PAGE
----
NEW YORK, NY.- Jill Newhouse Gallery
opened on May 4th two concurrent exhibitions of works from private collections by Odilon Redon (1840-1916) and by Pierre Bonnard (1867-1947). Spanning each artists career, the shows includes prints, paintings and works on paper that will end on May 26th, 2023.
Odilon Redon was a uniquely creative artist whose personal psychological voyage is made starkly visible in the images he created. Born into a wealthy Bordeaux family in 1840 but suffering with illnesses that kept him in isolation throughout his youth, Redon developed an early affinity for the macabre and the fantastic through the literature of Flaubert, Baudelaire and Edgar Allen Poe. Trained in the visual arts by the academic painter J. L. Gérome and the eccentric lithographic genius Rodolphe Bresdin, Redon began his career working in black and white, producing large charcoal drawings called Noirs depicting fantastic images that are eerie, poignant and emotionally charged (cat. nos. 3,4,5,9). A female face seen in profile is frozen in a silent scream; a male head is dangling from the stem of a sinuous swamp flower; and a naturalistic landscape of entwined trees (inspired by similar compositions by J.B.C. Corot, whom Redon admired) becomes imbued with eerie nuance.
By the 1880s, the original imagery and the masterful technique of these drawings brought Redon recognition from critics and artists, and in 1884, Joris-Karl Huysmanss novel À rebours (Against Nature), so important in defining the Symbolist aesthetic, described a decadent aristocrat who collected Redon drawings.
With this success, Redons life started to turn. He married and had a son, finding new personal happiness and his lifelong depression began to lift. He began to work in color using both oil and pastel, enlivening the landscapes he had previously depicted with blue skies and green seas, or making still lives with flowers and butterflies that included female portraits, allowing the then popular impressionist palette to enhance his imagery. Much like the earlier Noirs, Astral Head (1905) (cat 11) and The Birth of Venus (1910) (cat 12) still depict imaginary subjects, but are now vibrantly colored in yellow, blue, red and green.
Although Pierre Bonnard was born twenty years after Redon, the two artists corresponded, and Bonnard is known to have said: I have the greatest admiration for Redon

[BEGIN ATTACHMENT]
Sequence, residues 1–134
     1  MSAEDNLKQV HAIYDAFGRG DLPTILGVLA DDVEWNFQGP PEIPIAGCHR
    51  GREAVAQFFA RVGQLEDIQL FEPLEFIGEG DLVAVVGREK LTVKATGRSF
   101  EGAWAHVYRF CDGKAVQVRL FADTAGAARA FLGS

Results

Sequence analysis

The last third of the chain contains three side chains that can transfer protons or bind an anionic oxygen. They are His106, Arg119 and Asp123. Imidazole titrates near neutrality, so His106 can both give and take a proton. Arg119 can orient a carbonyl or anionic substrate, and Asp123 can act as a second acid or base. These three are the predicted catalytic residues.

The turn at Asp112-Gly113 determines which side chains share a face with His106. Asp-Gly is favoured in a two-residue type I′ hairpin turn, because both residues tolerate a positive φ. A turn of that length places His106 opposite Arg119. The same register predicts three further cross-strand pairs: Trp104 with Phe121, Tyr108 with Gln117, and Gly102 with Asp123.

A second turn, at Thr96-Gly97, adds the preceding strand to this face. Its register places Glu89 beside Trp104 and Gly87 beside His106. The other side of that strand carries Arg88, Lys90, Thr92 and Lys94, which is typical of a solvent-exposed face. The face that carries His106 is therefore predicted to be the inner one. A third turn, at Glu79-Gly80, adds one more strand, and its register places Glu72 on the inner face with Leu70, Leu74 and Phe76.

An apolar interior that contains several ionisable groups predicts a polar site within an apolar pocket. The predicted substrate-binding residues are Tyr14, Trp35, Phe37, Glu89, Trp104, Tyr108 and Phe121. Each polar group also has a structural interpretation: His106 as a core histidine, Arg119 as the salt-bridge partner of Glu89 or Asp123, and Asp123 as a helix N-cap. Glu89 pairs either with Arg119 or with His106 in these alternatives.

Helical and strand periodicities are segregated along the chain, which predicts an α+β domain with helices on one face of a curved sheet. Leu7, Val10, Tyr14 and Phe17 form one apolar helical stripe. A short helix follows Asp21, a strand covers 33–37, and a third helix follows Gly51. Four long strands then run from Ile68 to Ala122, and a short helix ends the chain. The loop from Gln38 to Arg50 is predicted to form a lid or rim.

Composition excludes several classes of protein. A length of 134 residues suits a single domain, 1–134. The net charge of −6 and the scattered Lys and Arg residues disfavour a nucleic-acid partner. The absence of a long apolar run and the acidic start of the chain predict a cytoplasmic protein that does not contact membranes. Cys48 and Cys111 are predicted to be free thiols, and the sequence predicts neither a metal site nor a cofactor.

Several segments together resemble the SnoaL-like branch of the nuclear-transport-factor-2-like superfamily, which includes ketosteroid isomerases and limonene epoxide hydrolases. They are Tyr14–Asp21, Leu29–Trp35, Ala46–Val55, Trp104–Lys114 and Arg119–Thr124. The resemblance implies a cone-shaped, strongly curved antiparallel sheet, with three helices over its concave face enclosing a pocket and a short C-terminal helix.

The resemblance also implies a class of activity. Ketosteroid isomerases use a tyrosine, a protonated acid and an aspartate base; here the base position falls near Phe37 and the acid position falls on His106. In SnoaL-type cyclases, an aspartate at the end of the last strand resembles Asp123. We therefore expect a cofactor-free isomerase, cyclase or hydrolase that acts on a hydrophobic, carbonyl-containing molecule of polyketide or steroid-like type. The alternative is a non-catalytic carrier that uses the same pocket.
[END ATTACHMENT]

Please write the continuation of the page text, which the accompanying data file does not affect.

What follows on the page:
(his work) is the reunion of two opposing qualities which are almost opposites
all of our generation fell under his charm and received his advice. By 1902, their friendship solidified as Redon produced a portrait lithograph of Bonnard, and Bonnard made a portrait of Redons son Ary.
As a member of the Nabi group of painters active in the late-nineteenth century, Bonnards early work was heavily influenced by Paul Gauguin and Symbolism with its flat, non-objective color and decorative patterns. Like Redon, Bonnards graphic work of this period made bold use of black and white, as seen in his 1893 drawing O, Ombre (cat 1) from a proposed childrens book on the alphabet. Both artists avoided the literal. But whereas Redon favored fantastic imagery, Bonnard depicted the everyday, made fantastic through through the lens of his memory.
In the early painting The Little Street or Boulevard des Batignolles (cat 2) Bonnard depicts his future companion Marthe strolling down the pearl-gray boulevards of Paris carrying a bakers box. A forecast of the future, Bonnard would obsessively paint Marthe - whom he first met on the streets of Paris - for the rest of his life, even after she had passed away.
Later in his career, Bonnard turned increasingly to landscape subjects, from the verdant riverside views near his country house in Vernon to the shimmering ports of Deauville and Trouville where he vacationed in the summer. After 1930, his house in Le Cannet provided endless opportunities to paint the sparkling hills of southern France. These grand panoramas were a counterpoint to the intimate interior scenes of his home, as seen in LEscalier (cat 7) - the view of Marthe and their dog seen from the top of a staircase.
When Bonnard painted in his studio, it was from memory, and he would often work on more than one painting at a time. For Redon, subject matter was derived from myth and literature, reorganized to portray his emotional story. For both artists at the end of their careers, color became their muse.